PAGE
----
Is this really what we should be teaching in American schools?

Controversial political issues like this should not be presented in classrooms as established doctrine, especially without clearly defined boundaries. But CUSD moved forward with it anyway.

When “Education” Becomes “Dogma”

Dogma is a principle or set of principles laid down by an authority as incontrovertibly true and not to be denied or disputed. When schools teach ideas like “Globalism” as dogma, it very easily leads to “indoctrination” where students are taught to accept a set of beliefs uncritically. This should be of great concern to parents and the rest of the community.

That’s why several questions about “Portrait of a Learner” and similar programs need to be examined more closely.

  • If controversial ideologies are being presented in schools, is it done so in a fair and balanced way that examines multiple sides of a particular issue? Is equal weight given to differing positions?
  • How does the “critical thinking” part of the “Portrait of a Learner” initiative get applied?
  • Are any dissenting or opposing positions encouraged or even allowed?
  • What is age appropriate for younger students?
  • Do parents get to review and approve the social and political lessons presented to their children?
  • What happens when parents object to controversial social and political positions being advanced in classrooms?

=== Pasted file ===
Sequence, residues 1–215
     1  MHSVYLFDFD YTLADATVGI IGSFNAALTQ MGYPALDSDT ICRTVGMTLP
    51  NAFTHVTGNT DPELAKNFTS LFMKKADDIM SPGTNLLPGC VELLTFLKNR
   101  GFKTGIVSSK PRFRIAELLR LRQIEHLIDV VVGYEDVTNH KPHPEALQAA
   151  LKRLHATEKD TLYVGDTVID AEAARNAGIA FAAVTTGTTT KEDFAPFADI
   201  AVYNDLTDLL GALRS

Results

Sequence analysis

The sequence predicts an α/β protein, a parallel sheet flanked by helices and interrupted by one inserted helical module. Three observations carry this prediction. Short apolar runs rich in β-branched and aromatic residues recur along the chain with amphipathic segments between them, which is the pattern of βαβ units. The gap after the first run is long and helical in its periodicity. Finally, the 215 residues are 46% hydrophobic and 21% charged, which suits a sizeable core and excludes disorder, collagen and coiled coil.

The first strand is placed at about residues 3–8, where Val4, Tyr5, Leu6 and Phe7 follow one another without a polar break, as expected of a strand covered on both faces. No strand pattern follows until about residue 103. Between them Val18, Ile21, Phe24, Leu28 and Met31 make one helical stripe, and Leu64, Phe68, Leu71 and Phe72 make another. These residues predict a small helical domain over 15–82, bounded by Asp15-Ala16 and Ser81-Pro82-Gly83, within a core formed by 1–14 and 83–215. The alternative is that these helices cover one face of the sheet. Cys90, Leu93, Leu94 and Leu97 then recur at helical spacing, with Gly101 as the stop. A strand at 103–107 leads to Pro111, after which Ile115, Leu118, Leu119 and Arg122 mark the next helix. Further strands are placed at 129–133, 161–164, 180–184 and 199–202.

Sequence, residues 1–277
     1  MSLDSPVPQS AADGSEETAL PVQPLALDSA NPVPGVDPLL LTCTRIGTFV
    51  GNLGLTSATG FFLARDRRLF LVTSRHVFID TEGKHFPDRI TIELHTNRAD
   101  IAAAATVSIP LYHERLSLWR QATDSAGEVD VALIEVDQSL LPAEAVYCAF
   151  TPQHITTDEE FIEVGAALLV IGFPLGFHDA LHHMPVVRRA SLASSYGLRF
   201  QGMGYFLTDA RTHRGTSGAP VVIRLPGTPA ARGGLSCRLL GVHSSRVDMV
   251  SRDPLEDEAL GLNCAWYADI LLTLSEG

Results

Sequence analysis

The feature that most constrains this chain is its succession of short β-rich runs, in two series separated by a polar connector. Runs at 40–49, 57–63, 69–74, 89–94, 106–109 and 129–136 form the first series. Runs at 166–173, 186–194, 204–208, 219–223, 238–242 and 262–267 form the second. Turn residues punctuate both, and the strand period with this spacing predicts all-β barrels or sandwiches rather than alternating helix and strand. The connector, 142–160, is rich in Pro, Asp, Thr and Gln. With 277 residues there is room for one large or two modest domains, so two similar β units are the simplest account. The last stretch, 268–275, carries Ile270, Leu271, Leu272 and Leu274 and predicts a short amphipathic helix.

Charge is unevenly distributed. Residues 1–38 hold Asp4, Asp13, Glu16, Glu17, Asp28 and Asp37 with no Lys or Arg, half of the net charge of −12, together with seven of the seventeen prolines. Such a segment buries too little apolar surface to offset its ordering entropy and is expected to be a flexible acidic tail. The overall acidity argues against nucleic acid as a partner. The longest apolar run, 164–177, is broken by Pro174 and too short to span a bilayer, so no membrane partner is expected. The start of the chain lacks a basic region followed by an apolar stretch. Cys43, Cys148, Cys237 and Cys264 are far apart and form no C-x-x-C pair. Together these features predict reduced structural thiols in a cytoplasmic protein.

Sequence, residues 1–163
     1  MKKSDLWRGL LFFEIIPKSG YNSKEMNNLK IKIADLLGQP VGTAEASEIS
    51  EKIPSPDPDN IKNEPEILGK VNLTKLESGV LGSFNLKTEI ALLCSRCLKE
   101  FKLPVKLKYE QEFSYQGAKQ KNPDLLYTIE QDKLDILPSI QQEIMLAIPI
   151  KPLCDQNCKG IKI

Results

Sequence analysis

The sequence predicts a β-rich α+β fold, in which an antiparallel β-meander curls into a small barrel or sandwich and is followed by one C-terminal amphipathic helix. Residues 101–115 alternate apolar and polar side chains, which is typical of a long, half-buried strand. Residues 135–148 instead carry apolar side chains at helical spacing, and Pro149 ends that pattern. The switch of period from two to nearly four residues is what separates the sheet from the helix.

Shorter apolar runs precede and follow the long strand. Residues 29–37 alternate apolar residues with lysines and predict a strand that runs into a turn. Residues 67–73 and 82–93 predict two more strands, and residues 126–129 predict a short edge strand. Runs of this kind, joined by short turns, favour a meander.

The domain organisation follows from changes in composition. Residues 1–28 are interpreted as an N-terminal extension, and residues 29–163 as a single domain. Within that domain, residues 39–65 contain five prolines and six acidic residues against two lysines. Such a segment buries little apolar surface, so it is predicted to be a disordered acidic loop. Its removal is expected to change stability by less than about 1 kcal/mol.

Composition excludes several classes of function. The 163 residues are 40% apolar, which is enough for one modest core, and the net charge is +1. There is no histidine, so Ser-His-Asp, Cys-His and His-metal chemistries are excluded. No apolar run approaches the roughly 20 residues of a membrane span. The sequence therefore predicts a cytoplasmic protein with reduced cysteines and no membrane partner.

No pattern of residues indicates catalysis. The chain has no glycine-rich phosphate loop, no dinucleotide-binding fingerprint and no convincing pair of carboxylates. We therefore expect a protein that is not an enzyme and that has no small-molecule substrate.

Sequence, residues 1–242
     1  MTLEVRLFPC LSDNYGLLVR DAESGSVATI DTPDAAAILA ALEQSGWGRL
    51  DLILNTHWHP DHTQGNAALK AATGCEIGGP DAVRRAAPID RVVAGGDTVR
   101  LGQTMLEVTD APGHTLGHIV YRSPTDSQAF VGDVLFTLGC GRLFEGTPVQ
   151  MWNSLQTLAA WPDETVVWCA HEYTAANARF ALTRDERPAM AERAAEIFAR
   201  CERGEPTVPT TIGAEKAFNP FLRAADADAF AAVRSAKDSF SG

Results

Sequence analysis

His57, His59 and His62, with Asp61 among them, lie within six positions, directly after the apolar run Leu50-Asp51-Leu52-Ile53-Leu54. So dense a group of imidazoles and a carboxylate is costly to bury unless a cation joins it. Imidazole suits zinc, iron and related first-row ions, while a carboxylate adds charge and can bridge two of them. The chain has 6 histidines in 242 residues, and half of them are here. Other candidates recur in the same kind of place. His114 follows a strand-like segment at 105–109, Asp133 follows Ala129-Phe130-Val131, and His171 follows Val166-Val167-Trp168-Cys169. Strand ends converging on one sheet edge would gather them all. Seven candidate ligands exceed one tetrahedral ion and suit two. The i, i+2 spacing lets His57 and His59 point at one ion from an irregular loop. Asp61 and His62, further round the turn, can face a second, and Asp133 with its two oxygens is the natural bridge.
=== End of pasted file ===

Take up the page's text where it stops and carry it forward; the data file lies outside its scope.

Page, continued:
District policy needs to be more cognizant of the ideological controversies being presented in curriculum and seek to avoid taking positions on particular issues. There also needs to well-defined boundaries as to what is presented and how it is presented in classrooms. Finally, all lessons should be objective and unbiased. That’s the only way to ensure that students get a proper education founded on critical analysis and a better understanding of the sources, factual history, and future implications of certain social and political ideologies.

Kurt Rohrs is currently the leading the race for the Chandler Unified School District Governing Board. You can find out more about his campaign here.

Why I Switched—To Democrat, Then Back to Republican

Why I Switched—To Democrat, Then Back to Republican

By Sarah B. |

Even though I was raised in a loving, conservative home, and first registered to vote as a Republican, I switched to Democrat. Why? Partly out of pressure (basically bullied by my husband), but also, like many others, I had heard liberals were the compassionate ones, concerned about protecting the rights of others.